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Jan 9, 2017

Schools Re-Open for Real; Teachers Will Say How They Want to Make Up Classes

“Free paper bun” for thousands of students countrywide on this Monday, after schools formally re-opened following a three-week holiday break. The Ministry of Education, with support from managers of schools, had tried to re-open them on January third with limited success. It was an attempt to make up four of six days agreed as having been lost from the eleven days that teachers were out of school on strike in October. Now, both sides are going back to the drawing board. Aaron Humes toured the Old Capital today visiting schools and has the following report.


Aaron Humes, Reporting

After a limited effort by the Ministry of Education and school managers to enforce an agreement that schools should be re-opened on Tuesday, January third, which was largely ignored by both teachers and students, classes resumed on this Monday with nary a hiccup. All Saints Primary School on Dunn Street had all of its enrolment. So did St. Luke’s Methodist and St Martin de Porres Roman Catholic Primary on Mahogany and Partridge Streets respectively. Managements at both All Saints and St. Martin’s were in meetings and not available to speak.

Principal of St. John Vianney R.C., Felix Sutherland, declined our request for an interview on the basis that parents no doubt have teacher fatigue after months of arguments between the Belize National Teachers’ Union (B.N.T.U.) and the Ministry of Education. Of course, whether they supported the teachers’ stance or not, quite a few parents kept students out of classes last week, having already set up plans for their Christmas vacation and not reckoning with the Ministry’s attempts to make up class time lost to October’s industrial action.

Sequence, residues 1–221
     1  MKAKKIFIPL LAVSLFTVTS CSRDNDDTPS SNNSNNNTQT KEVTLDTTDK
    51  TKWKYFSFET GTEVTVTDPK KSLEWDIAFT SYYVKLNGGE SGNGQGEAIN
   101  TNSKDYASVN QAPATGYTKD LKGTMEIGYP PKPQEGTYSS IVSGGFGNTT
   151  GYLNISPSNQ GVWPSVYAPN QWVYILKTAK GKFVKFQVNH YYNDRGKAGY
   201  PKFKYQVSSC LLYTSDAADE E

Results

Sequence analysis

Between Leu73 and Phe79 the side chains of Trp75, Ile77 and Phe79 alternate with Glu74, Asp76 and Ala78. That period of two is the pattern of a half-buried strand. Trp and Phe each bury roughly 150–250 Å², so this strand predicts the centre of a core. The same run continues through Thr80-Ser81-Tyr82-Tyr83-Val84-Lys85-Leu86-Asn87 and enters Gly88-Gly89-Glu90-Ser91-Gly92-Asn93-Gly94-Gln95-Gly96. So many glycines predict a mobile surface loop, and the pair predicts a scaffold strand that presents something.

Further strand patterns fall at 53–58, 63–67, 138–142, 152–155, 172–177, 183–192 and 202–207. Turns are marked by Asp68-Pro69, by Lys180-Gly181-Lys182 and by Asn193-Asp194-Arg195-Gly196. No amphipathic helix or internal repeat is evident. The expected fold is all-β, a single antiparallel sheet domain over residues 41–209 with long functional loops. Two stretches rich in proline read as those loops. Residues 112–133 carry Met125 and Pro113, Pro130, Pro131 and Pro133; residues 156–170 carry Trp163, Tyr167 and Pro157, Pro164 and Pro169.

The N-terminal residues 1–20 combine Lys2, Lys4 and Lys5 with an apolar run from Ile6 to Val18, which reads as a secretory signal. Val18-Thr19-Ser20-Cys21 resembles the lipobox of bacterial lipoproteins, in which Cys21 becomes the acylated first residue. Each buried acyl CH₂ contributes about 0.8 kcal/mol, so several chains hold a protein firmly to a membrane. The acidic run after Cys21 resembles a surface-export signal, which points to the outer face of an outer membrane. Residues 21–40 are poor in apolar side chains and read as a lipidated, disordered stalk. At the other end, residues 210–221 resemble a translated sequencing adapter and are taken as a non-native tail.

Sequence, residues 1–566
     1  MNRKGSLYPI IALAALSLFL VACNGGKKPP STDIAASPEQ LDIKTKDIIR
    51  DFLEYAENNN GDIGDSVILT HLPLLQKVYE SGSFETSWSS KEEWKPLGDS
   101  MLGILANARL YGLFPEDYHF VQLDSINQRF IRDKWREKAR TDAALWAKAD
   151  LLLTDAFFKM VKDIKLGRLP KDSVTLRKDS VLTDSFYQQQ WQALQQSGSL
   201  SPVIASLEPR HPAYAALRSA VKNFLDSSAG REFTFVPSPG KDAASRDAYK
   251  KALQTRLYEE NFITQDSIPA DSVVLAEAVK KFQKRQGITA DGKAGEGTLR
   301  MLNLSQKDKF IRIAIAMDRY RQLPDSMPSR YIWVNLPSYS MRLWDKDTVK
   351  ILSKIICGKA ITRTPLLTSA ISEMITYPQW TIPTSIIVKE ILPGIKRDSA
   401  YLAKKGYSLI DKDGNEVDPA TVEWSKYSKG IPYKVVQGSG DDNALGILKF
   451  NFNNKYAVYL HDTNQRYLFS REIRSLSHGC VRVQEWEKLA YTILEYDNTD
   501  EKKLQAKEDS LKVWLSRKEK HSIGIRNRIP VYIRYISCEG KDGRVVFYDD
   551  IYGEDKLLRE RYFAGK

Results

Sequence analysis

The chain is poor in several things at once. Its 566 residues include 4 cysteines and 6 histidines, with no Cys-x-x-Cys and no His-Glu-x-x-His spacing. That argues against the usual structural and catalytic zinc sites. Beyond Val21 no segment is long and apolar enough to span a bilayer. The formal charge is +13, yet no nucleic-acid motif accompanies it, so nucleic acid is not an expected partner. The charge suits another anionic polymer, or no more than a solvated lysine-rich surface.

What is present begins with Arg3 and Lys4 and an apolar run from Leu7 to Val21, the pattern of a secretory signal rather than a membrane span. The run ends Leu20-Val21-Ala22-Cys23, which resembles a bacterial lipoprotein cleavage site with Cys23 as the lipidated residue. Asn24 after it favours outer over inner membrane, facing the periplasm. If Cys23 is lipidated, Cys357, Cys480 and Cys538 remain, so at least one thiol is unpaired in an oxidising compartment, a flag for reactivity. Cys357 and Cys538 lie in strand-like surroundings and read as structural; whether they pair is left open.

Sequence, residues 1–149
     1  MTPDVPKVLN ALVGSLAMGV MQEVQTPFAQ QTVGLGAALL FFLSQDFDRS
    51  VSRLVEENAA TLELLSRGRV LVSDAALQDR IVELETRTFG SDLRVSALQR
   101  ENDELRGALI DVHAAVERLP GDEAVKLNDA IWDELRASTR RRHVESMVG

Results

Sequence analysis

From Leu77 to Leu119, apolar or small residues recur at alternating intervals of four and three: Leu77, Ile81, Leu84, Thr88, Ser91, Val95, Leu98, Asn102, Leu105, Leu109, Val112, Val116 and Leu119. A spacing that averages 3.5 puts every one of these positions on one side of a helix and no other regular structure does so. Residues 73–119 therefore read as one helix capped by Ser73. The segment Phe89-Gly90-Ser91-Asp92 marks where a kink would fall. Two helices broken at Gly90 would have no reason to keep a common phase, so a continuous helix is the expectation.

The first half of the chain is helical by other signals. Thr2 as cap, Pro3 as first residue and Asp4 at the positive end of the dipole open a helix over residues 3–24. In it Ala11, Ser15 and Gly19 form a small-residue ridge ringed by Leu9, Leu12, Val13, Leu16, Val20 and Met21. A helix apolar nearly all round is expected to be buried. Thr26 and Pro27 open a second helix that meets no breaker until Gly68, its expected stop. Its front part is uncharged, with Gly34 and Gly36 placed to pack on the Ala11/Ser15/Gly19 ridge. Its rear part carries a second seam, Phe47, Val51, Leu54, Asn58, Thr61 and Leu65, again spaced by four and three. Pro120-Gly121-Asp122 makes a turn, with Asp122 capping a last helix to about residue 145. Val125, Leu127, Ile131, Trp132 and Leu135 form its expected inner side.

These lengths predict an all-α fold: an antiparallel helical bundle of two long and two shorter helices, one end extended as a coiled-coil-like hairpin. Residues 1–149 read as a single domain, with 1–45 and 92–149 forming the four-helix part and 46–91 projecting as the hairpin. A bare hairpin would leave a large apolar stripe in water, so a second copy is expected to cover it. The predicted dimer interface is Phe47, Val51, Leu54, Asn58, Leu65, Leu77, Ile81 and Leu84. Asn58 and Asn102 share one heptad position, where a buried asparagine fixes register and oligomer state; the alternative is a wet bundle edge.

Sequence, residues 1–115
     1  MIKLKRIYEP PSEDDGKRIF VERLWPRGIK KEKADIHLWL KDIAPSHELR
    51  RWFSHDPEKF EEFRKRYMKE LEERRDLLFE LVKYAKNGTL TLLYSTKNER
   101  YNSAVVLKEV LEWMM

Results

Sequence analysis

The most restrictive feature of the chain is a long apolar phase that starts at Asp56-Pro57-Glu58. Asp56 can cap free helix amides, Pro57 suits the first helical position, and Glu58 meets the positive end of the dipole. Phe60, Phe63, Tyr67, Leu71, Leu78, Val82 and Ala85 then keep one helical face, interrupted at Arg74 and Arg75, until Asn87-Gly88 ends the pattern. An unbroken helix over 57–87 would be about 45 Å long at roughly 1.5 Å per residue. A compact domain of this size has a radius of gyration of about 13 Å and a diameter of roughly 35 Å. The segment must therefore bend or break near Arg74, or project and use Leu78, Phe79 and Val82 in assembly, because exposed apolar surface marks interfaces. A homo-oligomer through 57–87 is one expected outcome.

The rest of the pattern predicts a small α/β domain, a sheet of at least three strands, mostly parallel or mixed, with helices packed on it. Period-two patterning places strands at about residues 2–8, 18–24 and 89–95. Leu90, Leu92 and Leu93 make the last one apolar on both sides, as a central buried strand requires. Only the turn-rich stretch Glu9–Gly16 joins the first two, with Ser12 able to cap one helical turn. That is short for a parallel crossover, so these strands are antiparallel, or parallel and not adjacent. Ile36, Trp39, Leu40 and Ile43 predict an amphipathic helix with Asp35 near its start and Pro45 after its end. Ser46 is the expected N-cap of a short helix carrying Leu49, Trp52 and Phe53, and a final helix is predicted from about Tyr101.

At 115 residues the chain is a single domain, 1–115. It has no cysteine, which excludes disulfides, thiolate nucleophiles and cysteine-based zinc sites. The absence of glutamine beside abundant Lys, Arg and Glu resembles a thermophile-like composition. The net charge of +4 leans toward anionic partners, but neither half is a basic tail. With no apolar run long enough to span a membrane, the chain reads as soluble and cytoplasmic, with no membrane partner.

The Union contends that the Ministry and school managers determined that classes should resume earlier than scheduled without consulting teachers or their union, the B.N.T.U. Representatives of the Ministry have also declined comment as they deliberate on their next steps. As for the Union, Belize City branch president Kathleen Flowers told us she has not been contacted with any issues regarding re-opening of schools today. In regard to the matter of making up class time, the Union’s membership is presently being polled and a report should be ready in a matter of days.

The Union also awaits the start of mediation enforced by the Supreme Court. The Union had obtained an injunction in December that stopped the Ministry from withholding partial salaries as a result of the industrial action and put the dispute in the hands of a Court-appointed mediator. The Supreme Court will call both sides back to court in February for an update on the mediation. Aaron Humes reporting for News Five.


During an appearance last week on Open Your Eyes, B.N.T.U. national vice-president Adelaida Guerra noted that when the mediation process begins she hopes that the make-up time would be raised, because the Union has long stated that its teachers are ready and willing to make up the time – but insisted as well that it is school managers who must consult with them, not the Ministry. Meanwhile, B.N.T.U. president Luke Palacio warned that it does no one any good to be petty over the issue, noting that if teachers withdrew their financial contributions to their institutions, for instance, money would be tighter all around.

Viewers please note: This Internet newscast is a verbatim transcript of our evening television newscast. Where speakers use Kriol, we attempt to faithfully reproduce the quotes using a standard spelling system.

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